U.S. prosecutors have charged a Russian woman who works for an oligarch close to Russian President Vladimir Putin with attempting to meddle in the 2018 midterm elections, authorities said Friday.
The charges, filed Friday in the Eastern District of Virginia, accuse Elena A. Khusyaynova of St. Petersburg with using social media platforms to create thousands of social media and e-mail accounts — appearing to be from U.S. persons — to "create and amplify divisive social media and political content."
The content touched on divisive topics like gun control and the NFL anthem debate as well as events like the Las Vegas shooting. The posts adopted several viewpoints, according to the documents, and attacked politicians of both major political parties, including Senate Majority Leader Mitch McConnell and former President Barack Obama.
The case is being brought separately from special counsel Robert Mueller's investigation, which brought charges against Russians for attempting to influence the 2016 presidential election.
Prosecutors said Khusyaynova is the chief accountant for a Russian umbrella effort called Project Lakhta, funded by a Russian oligarch whose Concord companies were named in the July indictment brought by Mueller involving attempted meddling in the 2016 election. Concord Management is owned by Yevgeny Viktorovich Prigozhin, also known as "Putin's chef," who is closely linked to the Russian president. It provides food services at the Kremlin.
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AP Photo/Oliver de Ros
Central Americans traveling in a mass caravan broke through a Guatemalan border fence and streamed by the thousands toward Mexican territory Friday, defying Mexican authorities' entreaties for an orderly migration and U.S. President Donald Trump's threats of retaliation.
Arriving on the Mexican side of a border bridge, they were met by a phalanx of police with riot shields. About 50 managed to push their way through before officers unleashed pepper spray and the rest retreated.
The gates were closed again, and a federal police officer used a loudspeaker to address the masses, saying, "We need you to stop the aggression."
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The Mega Millions jackpot jumped to an estimated $1 billion Friday, hitting the 10-figure mark for the first time in the game's history and the second time in U.S. lottery history.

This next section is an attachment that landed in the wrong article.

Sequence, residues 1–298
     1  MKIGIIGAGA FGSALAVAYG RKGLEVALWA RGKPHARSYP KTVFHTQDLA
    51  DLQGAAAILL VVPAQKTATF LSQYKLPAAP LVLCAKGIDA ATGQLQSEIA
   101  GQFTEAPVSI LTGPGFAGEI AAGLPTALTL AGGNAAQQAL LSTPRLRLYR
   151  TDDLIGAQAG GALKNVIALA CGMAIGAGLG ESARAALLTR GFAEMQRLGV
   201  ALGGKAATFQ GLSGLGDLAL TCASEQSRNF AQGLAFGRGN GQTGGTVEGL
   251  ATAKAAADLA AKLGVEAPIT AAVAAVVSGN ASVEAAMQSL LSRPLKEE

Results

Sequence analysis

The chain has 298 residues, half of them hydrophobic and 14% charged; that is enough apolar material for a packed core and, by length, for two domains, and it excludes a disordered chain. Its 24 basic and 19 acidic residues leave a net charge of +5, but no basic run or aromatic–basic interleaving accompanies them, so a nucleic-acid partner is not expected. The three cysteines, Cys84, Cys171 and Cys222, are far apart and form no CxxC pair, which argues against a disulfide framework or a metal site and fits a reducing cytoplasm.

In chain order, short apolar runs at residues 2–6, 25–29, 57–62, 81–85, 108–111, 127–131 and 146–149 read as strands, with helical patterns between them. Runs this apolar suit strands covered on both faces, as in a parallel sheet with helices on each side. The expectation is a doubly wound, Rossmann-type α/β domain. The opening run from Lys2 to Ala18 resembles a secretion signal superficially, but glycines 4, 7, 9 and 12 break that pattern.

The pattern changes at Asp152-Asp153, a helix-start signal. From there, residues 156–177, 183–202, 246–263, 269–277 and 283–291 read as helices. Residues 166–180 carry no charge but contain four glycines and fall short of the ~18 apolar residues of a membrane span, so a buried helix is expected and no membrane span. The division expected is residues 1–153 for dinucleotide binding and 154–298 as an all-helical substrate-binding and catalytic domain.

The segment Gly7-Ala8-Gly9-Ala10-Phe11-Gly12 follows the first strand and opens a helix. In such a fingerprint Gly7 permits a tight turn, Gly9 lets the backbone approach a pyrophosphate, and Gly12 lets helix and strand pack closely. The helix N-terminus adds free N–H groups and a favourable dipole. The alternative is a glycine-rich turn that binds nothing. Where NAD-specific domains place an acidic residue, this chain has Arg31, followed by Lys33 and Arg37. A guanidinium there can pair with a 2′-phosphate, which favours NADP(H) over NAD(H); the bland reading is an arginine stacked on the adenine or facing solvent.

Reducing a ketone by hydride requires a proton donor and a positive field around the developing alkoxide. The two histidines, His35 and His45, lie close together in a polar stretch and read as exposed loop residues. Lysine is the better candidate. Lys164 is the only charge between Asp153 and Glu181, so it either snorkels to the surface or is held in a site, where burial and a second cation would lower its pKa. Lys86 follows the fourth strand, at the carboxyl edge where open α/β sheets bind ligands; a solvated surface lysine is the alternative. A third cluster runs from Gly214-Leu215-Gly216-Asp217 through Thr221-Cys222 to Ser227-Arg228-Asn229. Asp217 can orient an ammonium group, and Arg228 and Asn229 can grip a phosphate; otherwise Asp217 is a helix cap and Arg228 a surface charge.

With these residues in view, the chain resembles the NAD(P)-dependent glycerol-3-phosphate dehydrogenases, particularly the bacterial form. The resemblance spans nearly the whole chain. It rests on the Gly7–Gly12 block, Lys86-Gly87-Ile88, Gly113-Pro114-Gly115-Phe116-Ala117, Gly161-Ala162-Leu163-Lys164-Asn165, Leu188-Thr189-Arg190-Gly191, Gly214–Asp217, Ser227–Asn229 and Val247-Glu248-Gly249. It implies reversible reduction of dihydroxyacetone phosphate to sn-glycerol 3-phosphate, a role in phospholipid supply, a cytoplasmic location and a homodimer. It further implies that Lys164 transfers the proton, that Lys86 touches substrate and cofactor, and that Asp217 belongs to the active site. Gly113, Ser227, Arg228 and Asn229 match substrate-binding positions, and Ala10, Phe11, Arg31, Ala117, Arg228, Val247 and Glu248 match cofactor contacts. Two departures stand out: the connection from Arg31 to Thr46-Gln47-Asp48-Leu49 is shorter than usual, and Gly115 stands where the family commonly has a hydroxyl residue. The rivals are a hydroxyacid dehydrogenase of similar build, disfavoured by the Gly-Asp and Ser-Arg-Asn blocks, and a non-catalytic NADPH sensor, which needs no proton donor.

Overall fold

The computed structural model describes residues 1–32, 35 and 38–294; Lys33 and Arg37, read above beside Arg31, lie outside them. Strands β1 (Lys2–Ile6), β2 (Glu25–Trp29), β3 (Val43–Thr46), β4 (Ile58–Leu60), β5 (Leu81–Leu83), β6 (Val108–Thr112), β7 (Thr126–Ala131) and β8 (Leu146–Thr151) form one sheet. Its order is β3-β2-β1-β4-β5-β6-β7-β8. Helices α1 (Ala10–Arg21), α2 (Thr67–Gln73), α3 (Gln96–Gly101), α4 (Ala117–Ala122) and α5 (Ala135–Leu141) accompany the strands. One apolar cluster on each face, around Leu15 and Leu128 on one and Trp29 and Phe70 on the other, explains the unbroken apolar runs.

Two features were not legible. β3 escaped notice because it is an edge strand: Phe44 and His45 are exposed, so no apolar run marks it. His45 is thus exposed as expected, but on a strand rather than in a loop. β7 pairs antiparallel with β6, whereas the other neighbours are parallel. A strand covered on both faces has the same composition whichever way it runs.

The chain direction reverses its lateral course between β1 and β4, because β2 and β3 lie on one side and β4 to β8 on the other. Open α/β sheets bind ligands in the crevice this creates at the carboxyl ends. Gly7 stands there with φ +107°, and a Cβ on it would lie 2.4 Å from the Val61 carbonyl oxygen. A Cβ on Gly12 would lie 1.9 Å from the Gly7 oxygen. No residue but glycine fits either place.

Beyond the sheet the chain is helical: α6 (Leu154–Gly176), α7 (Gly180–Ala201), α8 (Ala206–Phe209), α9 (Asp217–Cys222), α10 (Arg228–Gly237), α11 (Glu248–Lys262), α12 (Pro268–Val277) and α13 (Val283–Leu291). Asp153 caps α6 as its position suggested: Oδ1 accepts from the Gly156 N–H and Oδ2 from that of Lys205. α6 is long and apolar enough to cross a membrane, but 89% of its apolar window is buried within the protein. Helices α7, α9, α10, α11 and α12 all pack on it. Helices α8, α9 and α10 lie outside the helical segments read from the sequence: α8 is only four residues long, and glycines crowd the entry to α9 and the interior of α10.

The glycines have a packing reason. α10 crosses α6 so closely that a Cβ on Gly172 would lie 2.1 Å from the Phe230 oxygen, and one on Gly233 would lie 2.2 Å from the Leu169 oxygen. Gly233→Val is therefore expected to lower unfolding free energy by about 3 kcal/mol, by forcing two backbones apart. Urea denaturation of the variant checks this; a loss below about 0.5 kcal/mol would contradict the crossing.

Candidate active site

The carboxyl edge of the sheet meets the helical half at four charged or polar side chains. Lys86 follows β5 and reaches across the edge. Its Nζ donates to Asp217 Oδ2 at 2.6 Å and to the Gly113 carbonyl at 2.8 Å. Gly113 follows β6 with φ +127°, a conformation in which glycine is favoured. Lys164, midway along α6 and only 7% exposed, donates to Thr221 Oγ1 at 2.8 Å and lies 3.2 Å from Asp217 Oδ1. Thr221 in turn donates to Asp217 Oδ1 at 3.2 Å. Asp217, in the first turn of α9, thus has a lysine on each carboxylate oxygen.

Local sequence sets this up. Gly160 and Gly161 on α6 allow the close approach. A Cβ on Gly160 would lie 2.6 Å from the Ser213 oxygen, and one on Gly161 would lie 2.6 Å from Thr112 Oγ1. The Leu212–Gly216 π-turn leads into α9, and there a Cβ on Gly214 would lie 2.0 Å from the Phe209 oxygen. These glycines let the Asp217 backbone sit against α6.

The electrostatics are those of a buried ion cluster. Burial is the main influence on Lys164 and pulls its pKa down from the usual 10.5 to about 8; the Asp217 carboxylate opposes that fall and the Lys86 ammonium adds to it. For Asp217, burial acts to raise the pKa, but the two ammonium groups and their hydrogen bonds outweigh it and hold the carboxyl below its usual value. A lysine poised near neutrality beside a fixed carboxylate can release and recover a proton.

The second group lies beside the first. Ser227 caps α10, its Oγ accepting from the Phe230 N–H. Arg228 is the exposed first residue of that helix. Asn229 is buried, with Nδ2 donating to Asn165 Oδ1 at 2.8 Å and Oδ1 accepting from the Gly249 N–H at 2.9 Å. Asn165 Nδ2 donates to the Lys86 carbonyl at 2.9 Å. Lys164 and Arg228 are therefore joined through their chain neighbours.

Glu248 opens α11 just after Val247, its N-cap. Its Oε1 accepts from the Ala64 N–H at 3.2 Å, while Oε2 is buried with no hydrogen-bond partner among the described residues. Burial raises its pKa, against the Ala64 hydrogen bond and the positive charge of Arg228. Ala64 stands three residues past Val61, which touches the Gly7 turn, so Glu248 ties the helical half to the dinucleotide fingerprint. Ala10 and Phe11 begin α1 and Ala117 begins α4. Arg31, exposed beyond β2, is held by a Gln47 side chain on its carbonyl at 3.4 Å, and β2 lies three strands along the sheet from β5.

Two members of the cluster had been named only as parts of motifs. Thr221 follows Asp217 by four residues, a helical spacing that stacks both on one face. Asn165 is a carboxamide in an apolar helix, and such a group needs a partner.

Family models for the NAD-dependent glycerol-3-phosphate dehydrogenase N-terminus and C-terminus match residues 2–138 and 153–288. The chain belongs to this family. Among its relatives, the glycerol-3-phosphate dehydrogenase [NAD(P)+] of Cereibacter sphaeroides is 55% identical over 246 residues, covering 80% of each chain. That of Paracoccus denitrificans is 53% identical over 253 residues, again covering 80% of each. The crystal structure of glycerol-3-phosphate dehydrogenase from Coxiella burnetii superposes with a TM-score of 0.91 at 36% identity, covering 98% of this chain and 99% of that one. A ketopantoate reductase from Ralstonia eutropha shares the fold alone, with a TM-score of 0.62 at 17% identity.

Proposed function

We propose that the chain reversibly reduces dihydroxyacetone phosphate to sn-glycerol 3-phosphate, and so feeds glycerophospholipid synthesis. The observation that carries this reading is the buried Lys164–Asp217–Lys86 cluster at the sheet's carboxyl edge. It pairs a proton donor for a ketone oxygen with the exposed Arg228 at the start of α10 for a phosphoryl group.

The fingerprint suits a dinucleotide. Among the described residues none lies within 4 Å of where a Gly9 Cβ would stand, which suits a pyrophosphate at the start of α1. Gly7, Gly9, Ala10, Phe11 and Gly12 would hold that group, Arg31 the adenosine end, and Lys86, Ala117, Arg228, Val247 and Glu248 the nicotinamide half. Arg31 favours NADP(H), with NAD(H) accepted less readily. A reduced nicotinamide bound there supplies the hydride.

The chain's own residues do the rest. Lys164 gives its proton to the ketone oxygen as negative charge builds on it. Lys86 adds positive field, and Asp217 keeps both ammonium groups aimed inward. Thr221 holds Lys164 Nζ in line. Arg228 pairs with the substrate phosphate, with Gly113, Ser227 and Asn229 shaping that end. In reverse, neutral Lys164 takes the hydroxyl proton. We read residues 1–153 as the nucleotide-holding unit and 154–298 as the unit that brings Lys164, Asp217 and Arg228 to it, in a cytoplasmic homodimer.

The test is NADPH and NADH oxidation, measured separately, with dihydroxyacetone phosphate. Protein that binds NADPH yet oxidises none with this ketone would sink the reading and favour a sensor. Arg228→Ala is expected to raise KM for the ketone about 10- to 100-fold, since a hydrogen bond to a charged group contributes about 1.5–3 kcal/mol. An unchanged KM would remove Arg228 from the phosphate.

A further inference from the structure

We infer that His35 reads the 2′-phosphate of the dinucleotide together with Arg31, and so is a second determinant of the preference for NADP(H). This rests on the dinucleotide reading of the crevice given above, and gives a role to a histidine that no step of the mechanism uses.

Officials raised the estimated jackpot Friday for a third time due to strong sales hours ahead of the drawing.
The prize is the second-largest jackpot in U.S. history, behind only a $1.6 billion Powerball prize won in 2016.
In a video advertisement for his Florida gubernatorial campaign, Republican Rep. Ron DeSantis urged his toddler-aged daughter to "build the wall" with colorful toy blocks. DeSantis, who faced off against an establishment Republican, had already gotten President Donald Trump's endorsement the month before. DeSantis would go on to win his primary in a landslide, the race called within minutes of polls closing.
His path hasn't been so easy since. A late September NBC News/Marist poll has him trailing Democrat Andrew Gillum by 5 points.
Many Republicans pursuing the governor's mansion this cycle face a predicament in the general election: a tie to President Trump may have swayed a primary in their favor, but in closer races, it could impede chances of winning the seat.
Barron County Sheriff’s Department via AP
Authorities say a ground search has turned up nothing useful as investigators look for a 13-year-old girl who went missing after her parents were found dead in Wisconsin.
Deputies found Jayme Closs' parents shot to death in the family's home in rural Barron early Monday. The girl was nowhere to be found. Investigators say the girl is in danger and is not suspected in her parents' deaths.
Barron County Sheriff Chris Fitzgerald says the ground search won't resume Friday. His office coordinated a ground search Thursday using 100 volunteers to comb fields and ditches, but he says the search turned up nothing of evidentiary value.
Neiman Marcus has released the 92nd edition of its Christmas Book and Fantasy Gifts. The 2018 edition features a solar yacht, a unique tennis experience and more.
A Turkish official said Friday that investigators are looking into the possibility that missing Saudi journalist Jamal Khashoggi's remains may have been taken to a forest outside Istanbul or to another city after his suspected killing at the consulate earlier this month.
Ankara's top diplomat, meanwhile, denied sharing any audio from the Saudi Consulate with U.S. officials. And President Donald Trump denied that his top diplomat was ever "given or shown a Transcript or Video of the Saudi Consulate event," adding that reports to the contrary were "FAKE NEWS!"